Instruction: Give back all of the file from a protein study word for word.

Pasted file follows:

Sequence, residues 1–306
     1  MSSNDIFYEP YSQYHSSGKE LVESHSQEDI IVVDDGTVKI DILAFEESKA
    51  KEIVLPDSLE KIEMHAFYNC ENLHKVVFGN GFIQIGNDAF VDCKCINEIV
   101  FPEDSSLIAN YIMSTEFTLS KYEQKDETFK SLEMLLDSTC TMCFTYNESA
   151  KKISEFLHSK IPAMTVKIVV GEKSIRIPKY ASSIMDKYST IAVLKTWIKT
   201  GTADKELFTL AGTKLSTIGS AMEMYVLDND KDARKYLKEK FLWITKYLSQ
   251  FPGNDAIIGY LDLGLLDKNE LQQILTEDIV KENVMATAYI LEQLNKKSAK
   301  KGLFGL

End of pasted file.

Sequence, residues 1–306
     1  MSSNDIFYEP YSQYHSSGKE LVESHSQEDI IVVDDGTVKI DILAFEESKA
    51  KEIVLPDSLE KIEMHAFYNC ENLHKVVFGN GFIQIGNDAF VDCKCINEIV
   101  FPEDSSLIAN YIMSTEFTLS KYEQKDETFK SLEMLLDSTC TMCFTYNESA
   151  KKISEFLHSK IPAMTVKIVV GEKSIRIPKY ASSIMDKYST IAVLKTWIKT
   201  GTADKELFTL AGTKLSTIGS AMEMYVLDND KDARKYLKEK FLWITKYLSQ
   251  FPGNDAIIGY LDLGLLDKNE LQQILTEDIV KENVMATAYI LEQLNKKSAK
   301  KGLFGL